Recently, I wrote about how Experian is assisting NASWA (National Association of State Workforce Agencies) with identity verification to help mitigate the spike in fraudulent unemployment insurance claims. Because of this I was not all that surprised when I found a letter in my mailbox from the Texas Workforce Commission with a fraudulent claim using my identity, inspiring me to follow up on this topic with a focus on fraud prevention best practices.
Identity theft is on the rise
According to Experian data analysis and a recent study on unemployment insurance fraud, at least 25% of new claims are a result of identity theft. This is 50 times higher than what we have traditionally seen in the highest ID theft fraud use case, new credit card applications, which generally amounts to less than 0.5% of new applications.
Increasing digitization of the last few years—culminating in the huge leap forward in 2020—has resulted in a massive amount of information available online. Of that information, a reported 1.03 billion records were exposed between 2016 and 2020. There are currently approximately 330 million Americans, so on average more than three records per person have been exposed, creating an environment ripe for identity theft.
In fact, a complete identity consisting of name, address, date of birth, and Social Security number (SSN) can be purchased for as little as $8. This stolen data is then often leveraged by both criminal rings who are able to perpetrate fraud on a large scale and smaller scale opportunists – like the ones in Riverside, CA leveraging access to identities of prison inmates.
Fraud prevention through layered identity controls
In the 20 years that I have been combatting ID theft both in the private and public sectors, I’ve learned that the most effective identity proofing goes beyond traditional identity resolution, validation, and verification. To be successful, you must take advantage of all available data and incorporate it into a layered and risk-based approach that utilizes device details, user behavior, biometrics, and more. Below, I outline three key layers to design an effective process for ID proofing new unemployment insurance claims.
Layer 1: Resolve and Validate Identities
Traditional identity data consists of the same basic information—name, address, date of birth, telephone number, and SSN—which is now readily available to fraudsters. These have been the foundation for ID proofing in the past and are still critical to resolving the identity in question. The key is to also include additional identity elements like email address and phone number to gain a more holistic view of the applicant.
Layer 2: Assess Fraud Risk
Determining an identity belongs to a real-life subject is not sufficient to mitigate the risk of ID theft associated with a new unemployment insurance claim. You must go beyond identity validation to assess the risk associated with their claim. Risk assessment risk falls into two categories – identity and digital risk.
When assessing a claim, it’s important to check the identity for:
Velocity: How often have you (or other states) seen the information being presented with this application? Has the information been associated with multiple identities?
Recency of change: How long has the identity been associated with the contact information (phone, email, address, etc.)?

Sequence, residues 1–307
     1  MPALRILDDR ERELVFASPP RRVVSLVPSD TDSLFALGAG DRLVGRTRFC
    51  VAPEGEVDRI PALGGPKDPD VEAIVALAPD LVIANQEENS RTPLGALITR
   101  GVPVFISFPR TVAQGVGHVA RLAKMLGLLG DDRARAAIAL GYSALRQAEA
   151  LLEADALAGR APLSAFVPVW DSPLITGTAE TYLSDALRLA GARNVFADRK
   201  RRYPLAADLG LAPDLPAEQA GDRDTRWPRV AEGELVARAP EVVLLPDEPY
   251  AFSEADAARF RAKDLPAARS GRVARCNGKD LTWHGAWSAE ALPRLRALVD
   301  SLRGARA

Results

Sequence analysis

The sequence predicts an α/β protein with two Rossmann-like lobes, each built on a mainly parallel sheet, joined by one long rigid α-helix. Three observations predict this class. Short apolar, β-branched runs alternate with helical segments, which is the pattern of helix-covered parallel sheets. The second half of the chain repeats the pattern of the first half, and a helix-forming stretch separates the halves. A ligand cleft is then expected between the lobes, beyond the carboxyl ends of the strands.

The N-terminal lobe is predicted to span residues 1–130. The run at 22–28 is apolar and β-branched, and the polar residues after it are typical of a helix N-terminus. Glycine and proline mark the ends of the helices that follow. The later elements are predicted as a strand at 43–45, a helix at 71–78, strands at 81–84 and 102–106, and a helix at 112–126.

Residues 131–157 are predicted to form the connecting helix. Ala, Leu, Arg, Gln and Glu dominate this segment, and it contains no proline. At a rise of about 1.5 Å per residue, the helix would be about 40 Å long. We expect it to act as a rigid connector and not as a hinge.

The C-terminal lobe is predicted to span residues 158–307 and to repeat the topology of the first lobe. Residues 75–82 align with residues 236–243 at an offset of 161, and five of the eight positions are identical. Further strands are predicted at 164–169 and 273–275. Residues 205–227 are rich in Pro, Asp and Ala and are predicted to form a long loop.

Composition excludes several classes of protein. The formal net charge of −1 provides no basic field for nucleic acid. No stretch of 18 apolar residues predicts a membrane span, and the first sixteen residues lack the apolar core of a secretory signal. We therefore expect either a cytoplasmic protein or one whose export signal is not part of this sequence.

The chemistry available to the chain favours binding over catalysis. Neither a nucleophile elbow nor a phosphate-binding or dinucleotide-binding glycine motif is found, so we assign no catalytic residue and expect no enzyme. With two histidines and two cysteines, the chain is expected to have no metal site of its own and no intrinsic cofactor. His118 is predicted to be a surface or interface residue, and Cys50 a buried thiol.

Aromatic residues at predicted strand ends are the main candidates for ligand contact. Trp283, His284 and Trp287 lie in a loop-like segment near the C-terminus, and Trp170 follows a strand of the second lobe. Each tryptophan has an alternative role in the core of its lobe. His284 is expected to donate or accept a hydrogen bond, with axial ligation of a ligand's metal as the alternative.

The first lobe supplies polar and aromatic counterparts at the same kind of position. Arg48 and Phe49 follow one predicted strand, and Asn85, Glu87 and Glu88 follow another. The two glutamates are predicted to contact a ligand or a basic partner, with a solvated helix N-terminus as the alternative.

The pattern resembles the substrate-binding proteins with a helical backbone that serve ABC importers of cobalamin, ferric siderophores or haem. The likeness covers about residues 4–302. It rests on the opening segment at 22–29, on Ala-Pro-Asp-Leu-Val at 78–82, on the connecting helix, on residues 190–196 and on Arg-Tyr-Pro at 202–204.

Red flags: Has the subject been a recent victim of ID theft, or are they reported as deceased?
Synthetic Identity: Are there signs that the identity itself is fictitious or manipulated and does not belong to a real-life person?
Similar to the identity risk layer above, the device itself and how the subject interacts with the device are significantly important in identifying the likelihood a new claim is fraudulent. Device risk can be assessed by utilizing geolocation and checking for inconsistent settings or high-risk browsers, while behavioral risk might check for mouse movement, typing speed, or screen pressure.
Layer 3: Verify Highest Risk Subjects
The final stage in this process is to require additional verification for the highest risk claims, which helps to balance the experience of your valid subjects while minimizing the impact of fraud. Additional steps might include:
Document verification: Scanning a government-issued ID (driver’s license, passport, or similar), which includes assessing for document security features and biometric comparison to the applicant.
One-time passcode (OTP): It is key to deploy this sparingly only to phone numbers that have been associated with the subject for a significant time frame and incorporate checks to determine if it is at high risk (e.g., recently ported or forwarded).
Knowledge-based verification (KBV): Leveraging non-public information from a variety of sources.
By adding additional, context-based identity elements, it becomes possible to improve the three main objectives of most agencies’ identity proofing process – get good constituents through the first time, protect the agency and citizens from fraud, and deliver a smooth and secure customer experience in online channels.
While there’s no quick fix to prevent unemployment insurance fraud, a layered identity strategy can help prevent it. Finding a partner that has a single, holistic solution empowers agencies to defend against unemployment insurance fraud while minimizing friction for the end-user, and preparing for future fraud schemes.
To learn more about how you can protect your constituents and your agency from unemployment insurance fraud request a call today.